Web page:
I was very moved by Nthabiseng Mokoena’s piece on the IAD website:
This is a lovely piece and I know a little bit about how this person feels.
It is a thankless job, and one I could not afford to keep doing after ten years of self-supported advocacy work – both financially and because of my health.
Looking back, I spent quite a bit of time talking to Sally over the ten years before she died – more often about spirituality than intersex – but because of the demands on her, I tried not to add to the workload she had. Having both experienced life in religious community, and an interest in Christian Mysticism, Meister Eckhart as well as Mahayana Buddhism, we had a lot in common beyond intersex.
I was in touch with her right up to the point where she fell silent. I too approached Mani to try and help, but I now realise that by that time it was already too late. Her experience towards the end, as somebody who had given so much, and the lack of concern shown by some in the international organisation she was associated with, was a wake-up call for me. I had seen this happen on a number of occasions before.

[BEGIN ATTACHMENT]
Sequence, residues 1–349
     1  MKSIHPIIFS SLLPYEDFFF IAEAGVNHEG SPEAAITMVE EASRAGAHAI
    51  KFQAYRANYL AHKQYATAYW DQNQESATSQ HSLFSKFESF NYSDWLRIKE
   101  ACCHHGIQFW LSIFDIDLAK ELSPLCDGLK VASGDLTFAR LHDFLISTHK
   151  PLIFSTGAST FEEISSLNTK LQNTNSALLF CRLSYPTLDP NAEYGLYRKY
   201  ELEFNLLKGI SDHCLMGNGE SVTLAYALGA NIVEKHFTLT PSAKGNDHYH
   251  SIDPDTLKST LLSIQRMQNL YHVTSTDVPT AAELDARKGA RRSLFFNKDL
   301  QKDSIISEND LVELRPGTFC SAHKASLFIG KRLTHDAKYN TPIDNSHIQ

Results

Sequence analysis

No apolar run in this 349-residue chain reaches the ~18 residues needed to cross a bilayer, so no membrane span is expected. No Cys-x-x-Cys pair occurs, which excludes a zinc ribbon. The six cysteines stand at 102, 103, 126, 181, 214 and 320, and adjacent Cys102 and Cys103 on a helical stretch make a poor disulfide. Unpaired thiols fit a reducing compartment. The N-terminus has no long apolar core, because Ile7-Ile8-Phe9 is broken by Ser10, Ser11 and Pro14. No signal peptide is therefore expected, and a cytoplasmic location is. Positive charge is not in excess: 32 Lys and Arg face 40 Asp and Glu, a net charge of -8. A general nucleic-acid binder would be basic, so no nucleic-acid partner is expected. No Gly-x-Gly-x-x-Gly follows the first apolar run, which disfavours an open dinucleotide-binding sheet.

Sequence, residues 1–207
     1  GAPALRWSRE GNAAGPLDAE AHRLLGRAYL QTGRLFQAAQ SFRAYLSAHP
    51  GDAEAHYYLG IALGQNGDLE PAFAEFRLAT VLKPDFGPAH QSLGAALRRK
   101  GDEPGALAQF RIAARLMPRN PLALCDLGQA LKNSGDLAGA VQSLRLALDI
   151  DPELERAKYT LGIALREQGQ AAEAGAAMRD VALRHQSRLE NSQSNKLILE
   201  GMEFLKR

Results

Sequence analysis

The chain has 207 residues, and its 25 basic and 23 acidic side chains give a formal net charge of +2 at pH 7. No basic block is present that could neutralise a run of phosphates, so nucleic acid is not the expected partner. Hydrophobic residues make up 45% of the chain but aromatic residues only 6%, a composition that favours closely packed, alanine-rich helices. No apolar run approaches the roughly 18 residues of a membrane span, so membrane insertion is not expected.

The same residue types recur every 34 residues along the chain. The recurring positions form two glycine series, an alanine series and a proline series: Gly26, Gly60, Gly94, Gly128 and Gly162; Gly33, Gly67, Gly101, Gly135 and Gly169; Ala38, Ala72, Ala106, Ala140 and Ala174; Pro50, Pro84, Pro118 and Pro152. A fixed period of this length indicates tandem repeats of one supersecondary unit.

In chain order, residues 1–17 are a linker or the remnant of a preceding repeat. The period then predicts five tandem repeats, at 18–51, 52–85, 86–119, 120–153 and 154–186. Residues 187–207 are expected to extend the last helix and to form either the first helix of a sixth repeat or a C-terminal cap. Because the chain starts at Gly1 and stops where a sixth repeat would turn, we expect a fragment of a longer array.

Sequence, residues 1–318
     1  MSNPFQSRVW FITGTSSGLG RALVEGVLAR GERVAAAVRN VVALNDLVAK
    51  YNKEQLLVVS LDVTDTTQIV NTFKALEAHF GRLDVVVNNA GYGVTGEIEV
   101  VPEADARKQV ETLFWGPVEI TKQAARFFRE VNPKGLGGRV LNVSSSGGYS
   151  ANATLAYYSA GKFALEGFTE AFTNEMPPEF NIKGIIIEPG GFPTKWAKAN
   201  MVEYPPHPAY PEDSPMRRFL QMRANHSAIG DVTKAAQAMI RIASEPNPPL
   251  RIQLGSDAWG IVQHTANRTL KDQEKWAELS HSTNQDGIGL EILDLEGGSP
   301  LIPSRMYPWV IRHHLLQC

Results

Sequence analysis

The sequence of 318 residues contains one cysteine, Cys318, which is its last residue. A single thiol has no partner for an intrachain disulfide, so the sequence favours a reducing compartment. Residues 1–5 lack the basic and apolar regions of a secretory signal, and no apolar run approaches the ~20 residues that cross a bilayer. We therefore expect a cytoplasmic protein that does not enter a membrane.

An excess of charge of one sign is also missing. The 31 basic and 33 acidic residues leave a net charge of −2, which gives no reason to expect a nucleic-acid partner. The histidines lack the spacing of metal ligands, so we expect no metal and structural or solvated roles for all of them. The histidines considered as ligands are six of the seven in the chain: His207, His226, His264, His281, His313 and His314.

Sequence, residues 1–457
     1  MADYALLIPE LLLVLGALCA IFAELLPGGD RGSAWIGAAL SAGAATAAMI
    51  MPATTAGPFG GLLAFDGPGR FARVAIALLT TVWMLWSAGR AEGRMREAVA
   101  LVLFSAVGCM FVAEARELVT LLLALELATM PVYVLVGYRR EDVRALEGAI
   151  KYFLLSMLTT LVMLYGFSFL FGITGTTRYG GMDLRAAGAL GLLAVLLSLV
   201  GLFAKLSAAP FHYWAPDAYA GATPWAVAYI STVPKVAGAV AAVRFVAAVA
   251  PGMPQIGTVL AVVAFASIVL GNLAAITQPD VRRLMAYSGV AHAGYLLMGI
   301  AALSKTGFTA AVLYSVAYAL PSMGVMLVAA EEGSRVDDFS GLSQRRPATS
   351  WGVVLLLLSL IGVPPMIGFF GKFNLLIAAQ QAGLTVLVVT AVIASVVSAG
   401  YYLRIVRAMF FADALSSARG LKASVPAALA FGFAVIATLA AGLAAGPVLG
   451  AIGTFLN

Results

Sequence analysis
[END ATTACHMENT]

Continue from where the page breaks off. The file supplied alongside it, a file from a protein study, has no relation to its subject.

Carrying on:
My life turned around in the year after Sally died, because I walked away from intersex activism that focused almost entirely on children, and was not that interested in the plight of adults (which had always been my primary focus), and especially not sick or aging intersex people. I guess some aspects of our lives just aren’t as appealing as others. Since then I have grown and developed as a person, and started to leave the disillusion behind me, let go of a lot of my anger, and moved on to live my life again.
So, I will always cherish what I learned from Sally during her life, but I will also cherish what I learned from her in her death. For me she, she will never be a paper saint or martyr, somebody to stick on a wall of remembrance to rally the faithful. She will always be Sally, unique, gracious, and somebody who will always be missed by all whose lives she touched.